Lorraine DeKruyf, PhD
My professional experience includes 20 years as a school counselor and teacher at the high school level in Wisconsin and Washington. In 2002, I joined the Graduate School of Counseling at George Fox University as director of the school counseling program.
My research interests are reflected in the topics I have published and presented on locally, regionally and nationally. These topics include school counseling site supervision and school counselor professional identity, cross-cultural mentorship, cultural sensitivity, narrative counseling, and social justice advocacy. I also serve on the editorial board for Professional School Counseling, the flagship journal of the American School Counselor Association.
When I’m not at work, I enjoy reading good fiction, listening to music from a variety of genres, sailing, gardening and hiking.
PhD, Counselor Education and Supervision, Oregon State University
MEd, School Counseling, Western Washington University
BA, German, Psychology, English, Dordt College
Selected Research Bibliography
Honors & Awards
I received the 2014 Western Association for Counselor Education and Supervision Publication Award in recognition of contributions made to counselor education and supervision literature. Among my contributions were collaborative pieces written or edited with colleagues Richard Auger from the University of Minnesota, Mankato, and Shannon Trice-Black from the College of William and Mary, for a two-part special issue for Professional School Counseling, the flagship journal for the American School Counseling Association. Our work culminated in 14 peer-reviewed articles contributing to the professional literature on the role school counselors play in meeting students’ mental health needs.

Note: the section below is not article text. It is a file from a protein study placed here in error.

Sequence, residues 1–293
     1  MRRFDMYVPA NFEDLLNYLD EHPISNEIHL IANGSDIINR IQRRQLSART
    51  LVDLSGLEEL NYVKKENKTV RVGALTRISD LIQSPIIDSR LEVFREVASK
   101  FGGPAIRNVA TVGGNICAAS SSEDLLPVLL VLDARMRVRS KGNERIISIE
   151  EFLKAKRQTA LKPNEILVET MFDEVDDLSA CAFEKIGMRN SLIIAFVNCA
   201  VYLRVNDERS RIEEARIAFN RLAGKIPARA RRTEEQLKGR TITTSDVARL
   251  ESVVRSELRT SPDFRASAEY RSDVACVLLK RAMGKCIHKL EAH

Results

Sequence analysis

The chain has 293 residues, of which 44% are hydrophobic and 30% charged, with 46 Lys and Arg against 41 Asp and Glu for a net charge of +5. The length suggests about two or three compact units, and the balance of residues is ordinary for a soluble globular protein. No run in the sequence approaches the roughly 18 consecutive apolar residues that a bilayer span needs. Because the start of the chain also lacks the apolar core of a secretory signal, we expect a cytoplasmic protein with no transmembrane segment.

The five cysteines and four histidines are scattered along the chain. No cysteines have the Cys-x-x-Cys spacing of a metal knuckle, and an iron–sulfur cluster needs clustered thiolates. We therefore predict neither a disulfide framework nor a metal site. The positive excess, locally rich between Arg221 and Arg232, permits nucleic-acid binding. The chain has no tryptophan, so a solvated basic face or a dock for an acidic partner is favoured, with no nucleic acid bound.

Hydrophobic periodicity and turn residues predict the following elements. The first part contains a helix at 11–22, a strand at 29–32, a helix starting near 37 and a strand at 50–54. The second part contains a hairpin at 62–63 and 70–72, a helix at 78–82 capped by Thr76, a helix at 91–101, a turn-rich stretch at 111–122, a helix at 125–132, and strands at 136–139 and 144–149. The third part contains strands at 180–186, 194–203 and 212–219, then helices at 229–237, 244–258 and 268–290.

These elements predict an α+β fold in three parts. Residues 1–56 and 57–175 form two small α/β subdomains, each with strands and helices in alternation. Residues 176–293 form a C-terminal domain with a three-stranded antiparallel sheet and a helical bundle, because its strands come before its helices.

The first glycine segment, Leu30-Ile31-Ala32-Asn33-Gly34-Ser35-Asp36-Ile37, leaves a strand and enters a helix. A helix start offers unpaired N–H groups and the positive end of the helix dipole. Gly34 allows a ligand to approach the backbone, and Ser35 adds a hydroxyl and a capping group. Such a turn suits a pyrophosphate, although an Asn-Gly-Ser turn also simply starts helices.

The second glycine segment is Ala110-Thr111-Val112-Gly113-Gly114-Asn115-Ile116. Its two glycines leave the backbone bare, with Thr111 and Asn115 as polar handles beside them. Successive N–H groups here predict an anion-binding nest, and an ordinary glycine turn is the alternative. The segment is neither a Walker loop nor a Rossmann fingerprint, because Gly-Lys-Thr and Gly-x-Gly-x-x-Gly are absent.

I was also recipient of George Fox's 2014-15 Graduate Faculty Achievement Award for Research and Scholarship.
School Counselor Professional Identity
Click here to access my recent lecture titled "Superheroes, School Counselors, Professional Identify, & Getting the Job Done." In this lecture, I explore what happens when training and professional identity are at odds with job assignments – for superheroes and for school counselors – and offer suggestions as to what might be done. The event was sponsored by the Richter Committee and the Faculty Development Committee.
How do you pronounce your last name?
Depends who you ask. I think you could spell it: "de-KRIFE." Although I publish under the long version of my name, I generally go by Lori DeKruyf.
Do you keep in touch with your grads?
Once a month, I let my grads know where and when I’ll be hanging out at a restaurant. This gives my school counseling alumni a chance to gather to eat, socialize, share ideas, network, and head into the next month feeling refreshed. It also gives me a chance to find out what my grads are up to and learn ways I can better prepare them for the "real world" after graduation.
What is your quest?
Micah 6:8 sums it up well. I strive to act justly, to love mercy, and to walk humbly with God.